As your story unfolded, I saw your Sisyphus rock turn into an easy rolling ball of wisdom, yielding kindness to yourself.

Justin Patrick Moore said...

As a teen the dentists was definitely a scary place, but not so much anymore. While I wouldn't forgo the wonders of modern medicine for pain relief if undergoing a root canal or some other operation, I do use a relaxation exercise to negate any lingering anxieties. Now when I go in for my twice yearly cleanings, it is a much more pleasant experience: having bathed myself in golden light, I am then free to wonder the expanses of the imagination.

Robert Moss said...

Robyn, I love your image of the gently rolling "wisdom ball".

Justin, your typo "free to wonder" is one of those sublime ones we never want to correct.

Both of you seem to have hit on the right mix between creative visualization and the comforts of the modern pharmacy.

Jane Carleton said...

Hi Robert,

What a beautiful story of courage, seen in your ability to endure pain when appropriate and in your reassessment of your decision to forgo pharmaceuticals with the help of the guidance found in your imaginal journey, and to share it with us here. This is a moving example of the ability we all have to grow in unexpected places and circumstances. We go about our lives living our stories, and suddenly more awareness arrives that we can catch if we allow ourselves to be available for the message.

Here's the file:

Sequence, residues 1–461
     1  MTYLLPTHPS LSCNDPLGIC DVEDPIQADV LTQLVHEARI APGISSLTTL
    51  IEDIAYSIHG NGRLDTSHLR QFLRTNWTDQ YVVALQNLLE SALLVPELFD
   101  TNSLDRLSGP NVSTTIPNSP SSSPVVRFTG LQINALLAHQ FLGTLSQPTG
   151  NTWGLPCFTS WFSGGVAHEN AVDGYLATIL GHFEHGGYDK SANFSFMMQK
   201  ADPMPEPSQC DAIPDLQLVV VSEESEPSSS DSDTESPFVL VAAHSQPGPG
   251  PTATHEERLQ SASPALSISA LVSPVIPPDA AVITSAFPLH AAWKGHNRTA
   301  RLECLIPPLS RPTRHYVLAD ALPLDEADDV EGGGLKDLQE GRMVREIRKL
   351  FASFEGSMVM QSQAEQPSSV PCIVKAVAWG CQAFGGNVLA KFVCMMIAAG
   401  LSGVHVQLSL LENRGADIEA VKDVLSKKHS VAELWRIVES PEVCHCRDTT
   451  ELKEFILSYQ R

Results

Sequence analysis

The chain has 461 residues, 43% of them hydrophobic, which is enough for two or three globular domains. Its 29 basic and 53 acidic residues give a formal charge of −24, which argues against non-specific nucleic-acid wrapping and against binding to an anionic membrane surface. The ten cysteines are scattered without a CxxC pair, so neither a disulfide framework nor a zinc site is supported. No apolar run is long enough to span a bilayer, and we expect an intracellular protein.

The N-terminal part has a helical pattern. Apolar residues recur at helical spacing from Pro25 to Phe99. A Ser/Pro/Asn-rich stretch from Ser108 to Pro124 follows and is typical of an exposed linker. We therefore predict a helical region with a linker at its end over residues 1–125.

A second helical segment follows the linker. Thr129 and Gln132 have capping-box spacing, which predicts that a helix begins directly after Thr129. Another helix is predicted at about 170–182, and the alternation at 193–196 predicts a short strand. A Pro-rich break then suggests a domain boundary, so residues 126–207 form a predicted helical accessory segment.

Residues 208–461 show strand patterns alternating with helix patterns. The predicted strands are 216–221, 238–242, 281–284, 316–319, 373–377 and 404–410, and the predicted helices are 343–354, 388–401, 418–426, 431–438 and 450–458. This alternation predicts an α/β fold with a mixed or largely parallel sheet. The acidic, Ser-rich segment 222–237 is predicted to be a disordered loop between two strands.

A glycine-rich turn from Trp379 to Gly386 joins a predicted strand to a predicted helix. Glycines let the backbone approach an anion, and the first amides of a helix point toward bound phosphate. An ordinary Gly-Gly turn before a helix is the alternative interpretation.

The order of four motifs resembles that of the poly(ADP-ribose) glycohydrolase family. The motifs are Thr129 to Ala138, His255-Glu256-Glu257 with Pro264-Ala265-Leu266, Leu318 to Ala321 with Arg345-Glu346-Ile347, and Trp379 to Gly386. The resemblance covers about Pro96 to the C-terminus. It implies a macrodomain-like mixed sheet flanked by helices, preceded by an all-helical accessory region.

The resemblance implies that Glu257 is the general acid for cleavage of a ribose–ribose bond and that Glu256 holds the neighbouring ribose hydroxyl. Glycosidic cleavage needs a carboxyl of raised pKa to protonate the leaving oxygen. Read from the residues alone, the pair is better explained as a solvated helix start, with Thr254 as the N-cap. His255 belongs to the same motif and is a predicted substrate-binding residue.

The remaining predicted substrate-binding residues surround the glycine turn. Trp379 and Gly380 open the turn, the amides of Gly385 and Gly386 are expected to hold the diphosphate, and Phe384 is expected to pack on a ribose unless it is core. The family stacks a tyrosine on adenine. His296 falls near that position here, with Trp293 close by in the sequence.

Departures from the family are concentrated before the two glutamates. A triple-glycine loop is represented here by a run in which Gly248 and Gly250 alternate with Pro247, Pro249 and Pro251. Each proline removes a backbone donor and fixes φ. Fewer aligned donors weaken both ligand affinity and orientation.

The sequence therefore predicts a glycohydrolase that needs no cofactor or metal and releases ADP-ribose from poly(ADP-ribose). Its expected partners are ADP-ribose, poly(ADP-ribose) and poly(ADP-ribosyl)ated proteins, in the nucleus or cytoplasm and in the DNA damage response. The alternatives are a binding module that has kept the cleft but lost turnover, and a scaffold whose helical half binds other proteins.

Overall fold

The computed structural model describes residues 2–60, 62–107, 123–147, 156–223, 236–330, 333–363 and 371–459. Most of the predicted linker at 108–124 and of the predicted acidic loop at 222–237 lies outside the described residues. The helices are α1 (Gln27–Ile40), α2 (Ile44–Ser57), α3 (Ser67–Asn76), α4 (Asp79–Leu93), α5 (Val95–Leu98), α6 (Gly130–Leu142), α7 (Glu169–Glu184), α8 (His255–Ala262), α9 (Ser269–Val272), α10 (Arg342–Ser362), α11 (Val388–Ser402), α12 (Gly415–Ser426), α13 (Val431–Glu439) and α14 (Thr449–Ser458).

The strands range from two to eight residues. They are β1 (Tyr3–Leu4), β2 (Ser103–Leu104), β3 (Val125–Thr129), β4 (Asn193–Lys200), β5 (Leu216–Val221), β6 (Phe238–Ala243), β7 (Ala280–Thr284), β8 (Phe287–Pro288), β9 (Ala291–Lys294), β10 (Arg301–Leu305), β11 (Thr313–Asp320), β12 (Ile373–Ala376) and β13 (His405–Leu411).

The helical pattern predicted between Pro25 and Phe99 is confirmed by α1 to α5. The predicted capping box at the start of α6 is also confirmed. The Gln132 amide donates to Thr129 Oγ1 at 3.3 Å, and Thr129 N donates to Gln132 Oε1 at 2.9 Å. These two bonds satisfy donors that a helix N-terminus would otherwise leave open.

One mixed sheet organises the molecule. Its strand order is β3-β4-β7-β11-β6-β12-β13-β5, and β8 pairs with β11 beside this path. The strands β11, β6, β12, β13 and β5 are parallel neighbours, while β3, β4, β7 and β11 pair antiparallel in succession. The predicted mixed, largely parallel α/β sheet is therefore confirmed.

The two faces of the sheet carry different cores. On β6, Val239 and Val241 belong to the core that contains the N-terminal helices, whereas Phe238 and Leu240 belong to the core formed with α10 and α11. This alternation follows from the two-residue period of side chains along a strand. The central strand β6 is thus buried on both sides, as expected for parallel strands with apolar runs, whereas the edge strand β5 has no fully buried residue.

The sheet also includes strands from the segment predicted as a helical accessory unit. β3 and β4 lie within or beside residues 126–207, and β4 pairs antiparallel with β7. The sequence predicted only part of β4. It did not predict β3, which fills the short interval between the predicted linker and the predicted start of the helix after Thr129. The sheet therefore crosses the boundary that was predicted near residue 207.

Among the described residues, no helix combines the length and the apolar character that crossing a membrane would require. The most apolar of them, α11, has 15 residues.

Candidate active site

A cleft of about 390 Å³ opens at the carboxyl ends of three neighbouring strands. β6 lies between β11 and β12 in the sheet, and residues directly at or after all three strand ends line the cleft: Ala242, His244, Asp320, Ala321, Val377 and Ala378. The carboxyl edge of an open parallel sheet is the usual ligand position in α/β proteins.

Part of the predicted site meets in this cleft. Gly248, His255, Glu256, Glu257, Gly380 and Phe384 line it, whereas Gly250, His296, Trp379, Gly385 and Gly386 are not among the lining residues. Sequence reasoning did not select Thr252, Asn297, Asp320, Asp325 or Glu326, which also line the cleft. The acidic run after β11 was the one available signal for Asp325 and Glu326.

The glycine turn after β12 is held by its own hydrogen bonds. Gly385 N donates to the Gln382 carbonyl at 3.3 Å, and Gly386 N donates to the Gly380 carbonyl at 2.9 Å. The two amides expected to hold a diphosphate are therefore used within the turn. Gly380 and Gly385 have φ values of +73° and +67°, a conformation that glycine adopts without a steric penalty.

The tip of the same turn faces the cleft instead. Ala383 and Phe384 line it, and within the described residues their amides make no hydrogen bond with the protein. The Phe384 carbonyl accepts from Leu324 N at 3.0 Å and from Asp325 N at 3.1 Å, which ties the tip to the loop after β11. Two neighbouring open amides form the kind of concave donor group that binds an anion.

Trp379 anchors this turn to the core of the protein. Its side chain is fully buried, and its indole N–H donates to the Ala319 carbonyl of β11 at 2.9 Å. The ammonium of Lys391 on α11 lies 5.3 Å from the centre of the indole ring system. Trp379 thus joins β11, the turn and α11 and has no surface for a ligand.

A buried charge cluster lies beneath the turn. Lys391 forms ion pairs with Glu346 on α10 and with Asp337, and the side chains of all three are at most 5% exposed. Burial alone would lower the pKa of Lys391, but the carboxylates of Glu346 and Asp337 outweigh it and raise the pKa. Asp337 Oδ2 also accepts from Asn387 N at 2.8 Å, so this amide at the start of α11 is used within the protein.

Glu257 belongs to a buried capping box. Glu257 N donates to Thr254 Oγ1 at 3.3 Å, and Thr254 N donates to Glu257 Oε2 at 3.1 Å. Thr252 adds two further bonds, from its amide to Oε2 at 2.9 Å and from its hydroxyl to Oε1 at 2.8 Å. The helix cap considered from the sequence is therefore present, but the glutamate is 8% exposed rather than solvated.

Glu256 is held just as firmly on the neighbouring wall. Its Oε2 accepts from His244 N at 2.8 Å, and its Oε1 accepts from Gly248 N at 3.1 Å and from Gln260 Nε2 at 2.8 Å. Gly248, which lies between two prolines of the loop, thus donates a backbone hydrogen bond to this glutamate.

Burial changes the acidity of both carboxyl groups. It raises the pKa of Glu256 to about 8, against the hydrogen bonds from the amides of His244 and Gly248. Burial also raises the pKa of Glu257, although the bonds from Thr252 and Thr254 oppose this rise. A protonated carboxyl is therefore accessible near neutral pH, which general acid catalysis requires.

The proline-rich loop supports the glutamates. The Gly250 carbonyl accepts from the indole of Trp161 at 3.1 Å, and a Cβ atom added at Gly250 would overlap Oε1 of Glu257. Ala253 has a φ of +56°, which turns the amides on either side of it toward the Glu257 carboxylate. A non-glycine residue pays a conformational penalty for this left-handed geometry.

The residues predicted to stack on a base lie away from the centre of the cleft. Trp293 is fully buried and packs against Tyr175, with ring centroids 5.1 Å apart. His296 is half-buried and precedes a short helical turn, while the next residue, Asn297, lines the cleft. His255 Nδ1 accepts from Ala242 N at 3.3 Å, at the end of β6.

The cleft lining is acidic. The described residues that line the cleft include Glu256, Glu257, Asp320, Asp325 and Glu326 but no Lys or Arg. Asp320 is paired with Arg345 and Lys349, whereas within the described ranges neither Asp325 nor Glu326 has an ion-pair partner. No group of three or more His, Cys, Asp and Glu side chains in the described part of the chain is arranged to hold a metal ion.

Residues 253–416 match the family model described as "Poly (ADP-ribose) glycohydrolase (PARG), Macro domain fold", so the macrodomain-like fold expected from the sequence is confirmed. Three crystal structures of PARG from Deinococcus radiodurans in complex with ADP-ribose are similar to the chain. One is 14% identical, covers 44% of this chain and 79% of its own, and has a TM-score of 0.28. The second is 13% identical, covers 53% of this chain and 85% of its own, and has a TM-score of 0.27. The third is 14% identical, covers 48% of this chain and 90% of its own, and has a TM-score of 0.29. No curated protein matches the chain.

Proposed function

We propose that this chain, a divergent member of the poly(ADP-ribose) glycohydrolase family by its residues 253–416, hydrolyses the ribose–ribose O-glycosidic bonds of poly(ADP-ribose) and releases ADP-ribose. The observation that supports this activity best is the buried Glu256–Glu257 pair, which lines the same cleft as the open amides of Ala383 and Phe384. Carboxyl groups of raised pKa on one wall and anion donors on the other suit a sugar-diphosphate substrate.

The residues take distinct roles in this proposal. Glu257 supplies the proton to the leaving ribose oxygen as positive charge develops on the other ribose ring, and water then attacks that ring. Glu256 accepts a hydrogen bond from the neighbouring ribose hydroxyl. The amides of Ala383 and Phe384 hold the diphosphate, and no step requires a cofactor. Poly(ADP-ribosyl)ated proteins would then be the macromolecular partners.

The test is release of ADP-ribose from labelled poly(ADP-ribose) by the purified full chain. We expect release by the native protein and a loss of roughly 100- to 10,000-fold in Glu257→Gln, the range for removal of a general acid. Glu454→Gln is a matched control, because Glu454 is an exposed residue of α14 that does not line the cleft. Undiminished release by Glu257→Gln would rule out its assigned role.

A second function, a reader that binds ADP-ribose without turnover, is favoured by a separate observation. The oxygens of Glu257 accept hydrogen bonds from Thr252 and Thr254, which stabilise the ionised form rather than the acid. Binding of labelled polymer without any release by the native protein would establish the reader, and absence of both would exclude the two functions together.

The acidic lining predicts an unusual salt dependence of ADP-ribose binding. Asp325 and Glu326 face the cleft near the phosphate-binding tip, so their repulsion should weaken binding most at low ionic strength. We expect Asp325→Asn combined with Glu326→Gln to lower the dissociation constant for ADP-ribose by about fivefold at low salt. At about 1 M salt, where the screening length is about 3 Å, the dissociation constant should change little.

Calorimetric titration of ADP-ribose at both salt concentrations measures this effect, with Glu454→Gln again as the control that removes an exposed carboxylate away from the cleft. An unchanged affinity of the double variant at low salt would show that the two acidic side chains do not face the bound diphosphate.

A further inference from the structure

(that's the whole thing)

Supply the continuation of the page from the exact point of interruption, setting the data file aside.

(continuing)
I remember well the many weeks I experienced the daily painful treatments for my severe burns when I was a teen. Even with morphine, I had to journey into and through the pain, and now I have a wisdom about it that I would not have otherwise. I remember focusing up at the ceiling in the hospital as the doctors and nurses worked on me. I journeyed too into the physical cracks I saw up there and off to worlds removed from the pain. But I also journeyed into the hearts of my caregivers and saw their compassion and the suffering they felt for me. I asked for a radio early on so I could travel into these other realms on the wings of music I loved. And I remember someone tacked up a beautiful Hawaiian image for me to look at up there on the ceiling, a gift I was deeply moved by.

Thanks for your story!

Patricia said...